References to the most primeval symbols are a great way of building the unity of white nations. The colors of some military formations or nationalist organizations will always provoke objections from people coming from different countries, but such symbols as the solar cross or the black sun will always be valued by every conscious European. Furthermore, some marginal or esoteric figures, such as the aforementioned Roman von Ungern-Sternberg, are easier to accept by people from different nations than better-known heroes.
Another interesting issue is the participation of women in the nationalist movement. Let us be honest: black metal and nationalism have always attracted more men than women. Women are less interested in marginal or radical movements. The reason for this is the fact that women care more about the opinion of others. They take social stigmatization less easily. And they are less willing to fight to change the existing situation. (Women generally participate less willingly in the race, but they prefer to wait for the winners at the finishing line.) But we must always keep in mind that most men do not care about any kind of ideals, and they prefer to live in their parents’ basements while playing video games or watching porn. Anyway, among the Asgardsrei participants there were more men, but there were quite a lot of women. This is another proof that nationalists are beginning to win, and the nationalist movement is gaining strength. Meetings with Ukrainian female nationalists are always very uplifting. There are more and more of them, and they really identify with the movement, and are devoting their efforts to our victory.
Finally, not only nationalists participated in the festival. Some people just came to listen to music and watch the show. They might not identify with the whole message of the artists or the organizers, but they at least partially accept it. In Ukraine radical black metal circles have managed to force their worldview on the wider extreme scene. Just as in the 1990s most people listening to rock or metal had Leftist leanings, they often wore Che Guevara patches, even if they were not really involved in any kind of leftist initiatives, right now in Ukraine many fans of extreme music just listen to nationalist bands or wear patches with nationalist symbols. It is possible that this will have no effect on the future, but in fact the wider scene in Ukraine is beginning to turn in the direction of nationalism.
After the festival I heard the joke that to make Asgardsrei 2019 better than this year’s version, the organizers will have to summon Kalki and end the Kali Yuga. But speaking seriously, I have a few ideas on how to make this event better.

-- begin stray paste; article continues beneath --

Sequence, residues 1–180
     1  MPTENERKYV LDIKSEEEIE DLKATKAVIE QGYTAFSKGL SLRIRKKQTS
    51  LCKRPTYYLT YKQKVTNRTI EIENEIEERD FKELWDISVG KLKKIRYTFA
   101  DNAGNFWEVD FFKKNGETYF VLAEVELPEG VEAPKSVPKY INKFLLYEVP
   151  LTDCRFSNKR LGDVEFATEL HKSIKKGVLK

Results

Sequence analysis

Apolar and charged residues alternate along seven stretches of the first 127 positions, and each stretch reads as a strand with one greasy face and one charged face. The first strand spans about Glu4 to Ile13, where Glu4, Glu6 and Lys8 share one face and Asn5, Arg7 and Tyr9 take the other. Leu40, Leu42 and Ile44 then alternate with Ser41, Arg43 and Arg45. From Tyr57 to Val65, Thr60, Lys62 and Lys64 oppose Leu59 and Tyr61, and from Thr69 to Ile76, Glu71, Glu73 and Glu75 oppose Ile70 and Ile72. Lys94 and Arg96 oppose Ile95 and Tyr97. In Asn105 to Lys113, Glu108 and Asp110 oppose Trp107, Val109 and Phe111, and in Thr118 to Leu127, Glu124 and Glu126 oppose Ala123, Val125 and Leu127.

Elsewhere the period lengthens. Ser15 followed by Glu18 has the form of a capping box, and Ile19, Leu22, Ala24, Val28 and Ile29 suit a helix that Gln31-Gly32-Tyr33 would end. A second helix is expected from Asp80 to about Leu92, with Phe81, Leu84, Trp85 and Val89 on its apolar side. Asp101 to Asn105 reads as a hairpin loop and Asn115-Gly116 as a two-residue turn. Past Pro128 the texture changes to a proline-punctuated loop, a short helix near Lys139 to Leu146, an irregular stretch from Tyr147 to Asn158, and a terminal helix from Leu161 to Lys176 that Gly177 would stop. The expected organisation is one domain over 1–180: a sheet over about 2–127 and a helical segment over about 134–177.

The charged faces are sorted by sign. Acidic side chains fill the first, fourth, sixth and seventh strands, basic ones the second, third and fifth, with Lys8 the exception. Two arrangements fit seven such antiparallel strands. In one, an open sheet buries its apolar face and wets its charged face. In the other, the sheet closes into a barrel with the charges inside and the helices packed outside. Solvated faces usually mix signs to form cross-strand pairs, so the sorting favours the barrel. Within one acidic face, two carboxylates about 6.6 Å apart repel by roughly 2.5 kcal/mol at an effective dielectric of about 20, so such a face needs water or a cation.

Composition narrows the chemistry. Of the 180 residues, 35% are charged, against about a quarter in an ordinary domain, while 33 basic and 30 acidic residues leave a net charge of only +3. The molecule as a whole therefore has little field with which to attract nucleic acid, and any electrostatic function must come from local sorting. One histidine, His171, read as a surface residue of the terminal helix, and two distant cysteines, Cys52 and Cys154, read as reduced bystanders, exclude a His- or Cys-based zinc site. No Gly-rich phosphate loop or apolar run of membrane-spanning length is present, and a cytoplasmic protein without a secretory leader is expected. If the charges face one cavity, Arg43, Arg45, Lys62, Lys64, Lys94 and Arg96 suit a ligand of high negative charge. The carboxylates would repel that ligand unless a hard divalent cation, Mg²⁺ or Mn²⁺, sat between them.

First of all, in 2017 the metapolitical part was as good as the musical one. This year it would be difficult to keep up with such a line-up of bands. However, the conference was a little pale in comparison with the concerts. More speeches and more time for discussions would be a good idea. Furthermore, more discipline in matters of time would be good. If there are so many overlapping events, every delay becomes quite a problem.
Second, the Cossack House, where the Militant Store, Plomin Club, Orientyr Publishing House, and the Dürer art studio are located, is becoming an initiative as important and well-known as the model of this kind of activism, namely Italy’s CasaPound. It would be good to show guests from various countries these Ukrainian nationalist accomplishments, and also to discuss with them their technical and organizational aspects, which could be a great inspiration for nationalists from other countries.
During Asgardsrei 2017, the flags of the participants’ countries and organizations were hung over the audience in the VIP area, and it made a really good impression. This time however, there were almost no flags over the audience, only among the participants. It would be nice if the organizers provided an opportunity to bring flags and hang them over the audience or the stage. The number of initiatives and countries represented at Asgardsrei is huge, and it also makes a great impression in the photos that circulate on the web after the festival.
There are also some small organizational issues connected with the concerts. During the festival itself there were only sporadic small sound problems during a few performances (which is unavoidable during such a large event). However, during Kabaret Peste Noire, the line to the club and then to the cloak room was truly huge. It is a small issue, but why not eliminate it next year?
Speaking of Kabaret Peste Noire — such an acoustic concert was a brilliant idea. Maybe next year it would be good to expand it? No need to look far — Goatmoon also performs acoustic sets. Stormheit, who plays bass in Goatmoon, has an incredible project — Stormheit — which could also provide an acoustic set. And I am sure that there are folk and neofolk bands that would be willing to perform at such an event.
According to what I see on the internet, there are more and more small companies and craftsmen, who are producing jewelry or clothes inspired by the European tradition. Perhaps it would be a good idea to provide them with an opportunity to present and sell their work during the festival. Asgardsrei takes place around the holidays, so many people would be interested in buying a gift for themselves or for friends without waiting for delivery. During the festival, there were stands for Militant Zone, Svastone, Plomin, and other outlets, and there were always lines in front of them. Other ideas are Q&A sessions with the performing musicians and an exhibition of works of visual artists cooperating with Militant Zone.
While the club itself was a great place for this festival — it was large enough for such audience; there was room for the stands; the stage was large and visible; the sound was great — it would be even better if the organizers had a place of their own where such events could happen. Sounds unrealistic? Well, five years ago the idea of organizing a two-day radical black metal festival for 1,500 participants in Ukraine also sounded unrealistic. The more money that goes to our people and remains in the nationalist counter-system, the more the scene becomes independent — the better.
However, I must emphasize, that all of these are small issues and ideas on how to make a great festival even better. After Asgardsrei 2017, I wrote that it was not only the best event of the year but also the best event I had ever participated in. This year I need to write it again: Asgardsrei 2018 was not only the best event of the year but also the best event I have participated in.